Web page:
My Dad probably couldn’t tell a poem,
From a recipe for lentil soup,
And he has exceedingly little use for either,
That’s just two of the differences between us.
In fact for the longest time,
All we had in common,
Was a shared fondness for Star Trek,
And a loathing, for one another.
Back then we interacted only when my school principal contacted him,
Your son is in detention,
Your son is out of control,
Your son is about to get kicked out of this school… again.
Those phone calls to my Dad were my biggest fear,
He got mad at my behavior,
While I compared him to Darth Vader,
I liked to liken my Dad to that black evil monster,
‘cause how could he be my father,
He confiscated my possessions in punishment,
Wake up with things missing from my room and him already at work,
Not there so I could show him how much I hate him.
When I was sixteen,
I scratched off his face from my infant photograph with him,
Had no right to hold who that baby became,
Doesn’t know who I am,
Spend time with me and doesn’t try.
Didn’t ever want to talk to him again, for days,
For weeks that would have been for-ever, if I could help it.
Because I was living under his roof,
His rooms, in His house,
His bullshit, his face,
I just wanted to punch it in,
But I couldn’t,
...because he was much bigger than me.
With the end of high school and adolescence,
Our tension eased,
We might watch together some Star Trek,
And I began working on building up a HECS debt.
Without principals calling we had a kind of agreement,
Don’t bother me and I won’t be bothered by you.
For years it was left at that,
Until I saw another photograph,
A recent one ~ when I was twenty three,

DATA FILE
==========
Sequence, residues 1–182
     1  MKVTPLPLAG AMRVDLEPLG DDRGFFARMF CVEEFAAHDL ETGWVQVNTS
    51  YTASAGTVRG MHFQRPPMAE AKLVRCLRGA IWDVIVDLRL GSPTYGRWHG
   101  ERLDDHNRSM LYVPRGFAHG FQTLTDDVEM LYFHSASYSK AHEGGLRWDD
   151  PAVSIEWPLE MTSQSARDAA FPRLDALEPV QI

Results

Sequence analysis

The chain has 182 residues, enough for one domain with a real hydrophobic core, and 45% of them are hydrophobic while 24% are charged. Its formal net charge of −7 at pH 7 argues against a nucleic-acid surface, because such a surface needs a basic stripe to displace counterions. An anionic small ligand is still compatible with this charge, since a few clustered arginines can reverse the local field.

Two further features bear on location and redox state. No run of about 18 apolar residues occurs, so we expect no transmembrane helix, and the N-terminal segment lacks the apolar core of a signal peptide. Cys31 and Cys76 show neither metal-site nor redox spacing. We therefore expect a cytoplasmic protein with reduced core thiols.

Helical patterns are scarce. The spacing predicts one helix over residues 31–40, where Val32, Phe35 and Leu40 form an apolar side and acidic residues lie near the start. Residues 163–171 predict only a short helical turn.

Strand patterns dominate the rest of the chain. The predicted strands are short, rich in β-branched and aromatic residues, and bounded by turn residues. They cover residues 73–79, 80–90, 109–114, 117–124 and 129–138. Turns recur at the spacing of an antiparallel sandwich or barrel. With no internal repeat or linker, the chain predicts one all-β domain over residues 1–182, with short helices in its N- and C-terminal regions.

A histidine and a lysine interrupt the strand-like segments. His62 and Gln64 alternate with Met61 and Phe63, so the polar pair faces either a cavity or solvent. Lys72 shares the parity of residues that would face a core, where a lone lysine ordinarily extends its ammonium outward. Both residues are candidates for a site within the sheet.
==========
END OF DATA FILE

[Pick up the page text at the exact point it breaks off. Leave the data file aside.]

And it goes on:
With the same face that had I scratched away from me as a baby,
My father’s face, but it was photograph of me.
And there he was,
Different hair colour,
Smaller stature, sure,
But his features were in that photograph,
Written all over my face.
As I was leaving Australia,
I heard him call me his Frankenstein let loose in the world,
We both recognize now that I am assembled from different components of him,
More than facial features,
I have found his strengths,
Frailties were similar to mine,
My father laughs like me, from the belly,
And he laughs at what I laugh at,
In a world that all too often needs laughing at.
At family dinners, Christmas’ and birthdays,
My Dad and I delve into every topic,
That polite company prefers not to discuss, (Please boys?)
My poor sisters and mother trying to duck for cover,
The women of the family will never understand,
These globally warmed heated discussions,
They can’t see the animation twinned in our faces,
Pleading with us for no more,
Of these exchanges we fire,
Like proxies for Andrew Bolt and Michael Moore.
We both –know-, an opinion not worth itself,
Lest you can beat someone else over the head with it,
Not live at let live,
Live to not suffer fools!
Who are foolish in their foolishness,
We both convinced we have the monopoly of truth,
Then, call a truce,
Agreeing to disagree,
Both in glee having dueled with a worthy adversary,
We’ve found our unique way to communicate.
He still only knows as much about me as Mum tells him,
We don’t talk much, can drive somewhere together,
Two hours in the car yet exchange all of ten words.
The sum, of differences,
Between lazily watching slow films in fast forward,
And a guy, who can’t service a bike of his own accord.
In the years between scratching out face his face,
And finding it the same one on my own head,
I re-watched Return of the Jedi with more analytical eyes,
In that movie Darth Vader the begotten dark father dies,
Unmasked, and redeemed,
Reborn in the arms of his son.
I understand those vast spaces between our words,
Those years lost opposing worlds,
The gaps of a generation generated between cats for cradles,
And discs in the DVD player, watching Star Trek together.
He enjoys his books and his bikes,
A quiet drink,
Some time alone to think.
What makes my dad, my Dad.
Makes me, Me,
An apple, not falling far from his tree,
His Frankenstein is my Darth Vader.
I love him.
I’m no longer going to leave un-articulated,
So like David said to Captain Kirk at the end of Star Trek 2,
There something I’ve wanted to say to you,
Dad, at last the time has come,
“I’m proud… very proud, to be your son.”
As performed in front of the old man himself at the recent Passionate Tongues gig, a much-tightened up re-package of the original 07/12/2008 post. I should have grabbed a photo of him/us to slap at the bottom here to help sell the repackage I guess... maybe next time I start molesting old poems again. Meanwhile, enjoy.